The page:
You Can Say, “No,” to Field Sobriety Exercises
By: Adam L. Bantner, II
Board Certified Criminal Trial Law Attorney
As a criminal defense and DUI attorney, one thing is certain to occur over and over again at social gatherings; someone will ask me whether they should take a breath test and should they perform field sobriety exercises if they’ve been pulled over by law enforcement and suspected of committing a DUI. While the scope of this post does not include an answer to the first part (however, short answer is don’t give them your breath, but there are many, many factors you should consider prior to making that decision), I will attempt to explain the law and response that will best help you and your attorney as you defend your DUI.
The Law of Field Sobriety Exercises in Florida
First, the law on this issue is by no means clear and settled throughout the State. In fact, the law sometimes seems to vary between courtrooms in the same County in the same Circuit! However, there seems to be some consistency in general principles in Hillsborough County.
First, if an officer does not possess reasonable suspicion of impairment, they cannot request a suspect to perform field sobriety exercises. If an officer possesses reasonable suspicion of impairment, then can request performance of field sobriety exercises but they cannot compel performance. Where an officer possesses probable cause of driving under the influence, an officer can compel performance of field sobriety exercises. State v. Carney, 14 Fla. L. Weekly Supp. 287a (Hillsborough Cty. Ct., 13th Cir., December 7, 2006). The Court in State v. McFarland, FLWSUPP 2702MCFA, (Fla. Broward Cty. Ct. 2017), affirmed by State v. McFarland, 26 Fla. L. Weekly Supp. 546a (Fla. 11th Cir. Ct. 2018), agreed with the Carney analysis.
Next, for the purpose of this article, you don’t need to concern yourself with whether you believe the officer possessed reasonable suspicion of DUI, probably cause of DUI, or neither. These are legal conclusions that law enforcement, attorneys, and judges can and do get wrong. What you do need to know is that a refusal to perform the requested exercises will only be used against you in court if the officer possesses at least probable cause of DUI. If the officer possesses any level of suspicion less than probable cause, the request to perform the exercises is just that, a voluntary, consequence-free choice with the ability to say, “no.”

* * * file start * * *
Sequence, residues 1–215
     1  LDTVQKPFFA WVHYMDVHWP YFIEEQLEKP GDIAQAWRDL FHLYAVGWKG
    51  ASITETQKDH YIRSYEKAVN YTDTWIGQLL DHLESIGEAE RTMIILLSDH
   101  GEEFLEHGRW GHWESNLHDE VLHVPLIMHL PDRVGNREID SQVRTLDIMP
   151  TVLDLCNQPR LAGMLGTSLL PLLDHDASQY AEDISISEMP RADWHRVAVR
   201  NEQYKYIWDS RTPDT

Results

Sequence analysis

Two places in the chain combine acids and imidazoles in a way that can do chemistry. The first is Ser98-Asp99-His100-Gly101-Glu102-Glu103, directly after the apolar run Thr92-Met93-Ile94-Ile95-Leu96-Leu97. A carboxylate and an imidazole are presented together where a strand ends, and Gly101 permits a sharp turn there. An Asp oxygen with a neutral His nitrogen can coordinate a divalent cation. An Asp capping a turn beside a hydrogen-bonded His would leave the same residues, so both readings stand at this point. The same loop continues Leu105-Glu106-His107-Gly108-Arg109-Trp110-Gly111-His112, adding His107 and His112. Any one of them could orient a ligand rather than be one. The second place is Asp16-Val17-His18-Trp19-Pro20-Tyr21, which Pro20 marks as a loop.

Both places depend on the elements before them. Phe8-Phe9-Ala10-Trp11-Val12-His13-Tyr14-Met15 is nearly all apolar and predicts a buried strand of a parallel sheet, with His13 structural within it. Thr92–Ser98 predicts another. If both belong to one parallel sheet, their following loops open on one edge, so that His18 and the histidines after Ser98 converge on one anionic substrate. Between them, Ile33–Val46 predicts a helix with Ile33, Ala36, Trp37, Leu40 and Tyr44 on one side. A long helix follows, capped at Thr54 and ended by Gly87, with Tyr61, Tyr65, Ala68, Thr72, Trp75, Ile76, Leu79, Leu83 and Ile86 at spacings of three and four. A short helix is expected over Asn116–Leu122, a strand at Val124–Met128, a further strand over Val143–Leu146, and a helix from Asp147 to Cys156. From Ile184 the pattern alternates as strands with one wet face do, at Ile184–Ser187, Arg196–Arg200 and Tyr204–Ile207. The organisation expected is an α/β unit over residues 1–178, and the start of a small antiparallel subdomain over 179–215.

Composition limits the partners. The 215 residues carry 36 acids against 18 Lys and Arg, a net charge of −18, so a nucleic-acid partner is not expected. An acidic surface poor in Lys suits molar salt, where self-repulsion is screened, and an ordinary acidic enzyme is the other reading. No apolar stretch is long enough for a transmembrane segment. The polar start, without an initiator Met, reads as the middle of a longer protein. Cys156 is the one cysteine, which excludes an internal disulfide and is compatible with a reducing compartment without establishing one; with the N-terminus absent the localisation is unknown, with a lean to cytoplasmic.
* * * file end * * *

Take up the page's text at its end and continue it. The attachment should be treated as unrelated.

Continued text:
Now, should you say “no”?
Don’t Do The FSEs!!!
There are a myriad of reasons why one should not perform the field sobriety exercises; we are just going to focus on a couple of them.
One, if the officer is asking you to do the exercises, there is little to no chance that your performance on the exercises will dispel any suspicion of DUI by the officer. At this point in the investigation, he is in the evidence gathering phase and he is looking to build his or her case against you. In sum, you’re taking a ride to county jail regardless of your performance.
Second, you are, most likely, not going to do well on the exercises. The first test, the Horizontal Gaze Nystagmus, or “HGN,” is the most reliable by the scientific evidence but also the hardest to independently verify. Any recorded video will not show your performance. As such, the officer’s report of your performance is almost unassailable if he performed it to standards. Also, there are other factors that can cause nystagmus in addition to consumption of alcohol (fatigue, allergies, etc.).
The second and third tests, the Walk and Turn and One-Leg Stand, are also problematic. For most of the public, any performance of these exercises are likely your first attempts at either. Did you hit a homerun in your first little league at bat? Most likely not. Furthermore, the officer is not looking for simple completion. He is looking for clues that indicate impairment of which you will not be aware. For example, if you walk the line without falling, you may think you passed. However, if you raised your arms more than six inches, you missed heel-to-toe by more than an inch, you turned improperly, or you started early, you showed impairment. Also, you will be performing these, most likely, late at night, roadside, and under the stress of an impending arrest. Again, you are not likely to do well.
All this leads to the nearly inescapable conclusion that the rewards of a good performance are greatly outweighed by the dangers of poor performance. So when the officer asks, “Will you take these tests?” politely decline citing this article and your fears that the stress of the situation would cause you to perform poorly.
Call Hillsborough DUI Lawyer Today!
After the officer arrests you (because his mind was made up to do so the moment he made the request), bond out of jail and give us a call. We’d love to help! 813.397.3965.